Disruptive technology and insurance industry: existing business model has no future says co–author of iDisrupted
Technology is set to disrupt the insurance business so much that it will be virtually unrecognisable within a few years, says Julien de Salaberry, co-author of a new book about disruptive technology.
Mr de Salaberry, who is the founder and chief innovations officer for Singapore based The Propell Group– a venture platform firm specialising in healthtech – says that technology will significantly disrupt the insurance industry to the point where the existing incumbent’s current business model has no future.
He says: “About two-thirds of new cars have multiple sensors that are creating a mass of data offering the potential for car makers to find out more about how drivers use their vehicles. This could also provide insurers with personal information about the drivers they insure. It is very likely that our premiums will be tailored to directly reflect our driving style, where we drive and park, etcetera. We are already seeing these policies in the UK and Italy amongst other countries.
“Similarly, wearables and sensors in our mobile devices are rapidly creating the same situation for human bodies, which will not only allow us to have more informed discussions with our doctors but also to potentially provide insurers with valuable data on our lifestyle. This will enable them to tailor our health insurance premiums accordingly
“However,” he said, “insurers shouldn’t rejoice too soon! Technology advances over the next 10 years will significantly disrupt the insurance industry to the point where the existing incumbent’s current business model has no future.”
A health insurer’s main activities are product development, sales and marketing, underwriting and risk management, policy administration, claims management and other corporate functions. New technology, such as Artificial Intelligence (AI), advanced analytics, data science and genomics, can undertake any of these key activities in a faster, better and smarter way.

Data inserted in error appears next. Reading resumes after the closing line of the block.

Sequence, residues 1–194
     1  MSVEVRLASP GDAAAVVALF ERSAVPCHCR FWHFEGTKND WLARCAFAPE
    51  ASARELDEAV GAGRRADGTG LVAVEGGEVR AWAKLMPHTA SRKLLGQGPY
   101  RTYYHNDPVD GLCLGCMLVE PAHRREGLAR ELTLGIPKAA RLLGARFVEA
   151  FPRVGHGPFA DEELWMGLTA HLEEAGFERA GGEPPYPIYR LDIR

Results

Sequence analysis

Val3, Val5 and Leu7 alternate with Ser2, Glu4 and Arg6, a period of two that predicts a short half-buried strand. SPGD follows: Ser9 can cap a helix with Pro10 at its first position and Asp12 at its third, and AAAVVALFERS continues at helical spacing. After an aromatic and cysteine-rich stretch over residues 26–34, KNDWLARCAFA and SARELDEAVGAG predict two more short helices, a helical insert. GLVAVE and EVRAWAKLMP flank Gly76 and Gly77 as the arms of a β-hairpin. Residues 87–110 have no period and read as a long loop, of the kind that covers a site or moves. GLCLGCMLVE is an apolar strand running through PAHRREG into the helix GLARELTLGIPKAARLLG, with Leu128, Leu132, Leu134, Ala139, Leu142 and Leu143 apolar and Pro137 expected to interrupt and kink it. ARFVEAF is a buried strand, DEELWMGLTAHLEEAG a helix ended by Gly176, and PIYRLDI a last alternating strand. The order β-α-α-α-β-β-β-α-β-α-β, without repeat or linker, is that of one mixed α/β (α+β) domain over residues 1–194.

For example, clever mathematicians aided by powerful computers currently provide actuarial services, which create an insurance product for the average person. Self-learning (AI) advanced algorithms will replace the human element of these services and will be able to create a tailor-made insurance product based on the breadth and depth of big and little healthcare data.
“We are already seeing early stages of the disruption underway with new players like Oscar and Zenefits in the US and ConnexionsAsia in Asia,” says Mr de Salaberry. “It is not unrealistic to imagine a future where health insurance will be provided by new entrants able to access, manage, analyse and interpret the exponentially growing healthcare data to provide each one of us with a customised health insurance policy.”
The book iDisrupted says that, generally, computers are very good at doing the things we find hard, but struggle to manage the things we find easy. The activities that currently dominate the insurance industry are classic examples of the kind of activities that computers will carry out completely within a few years.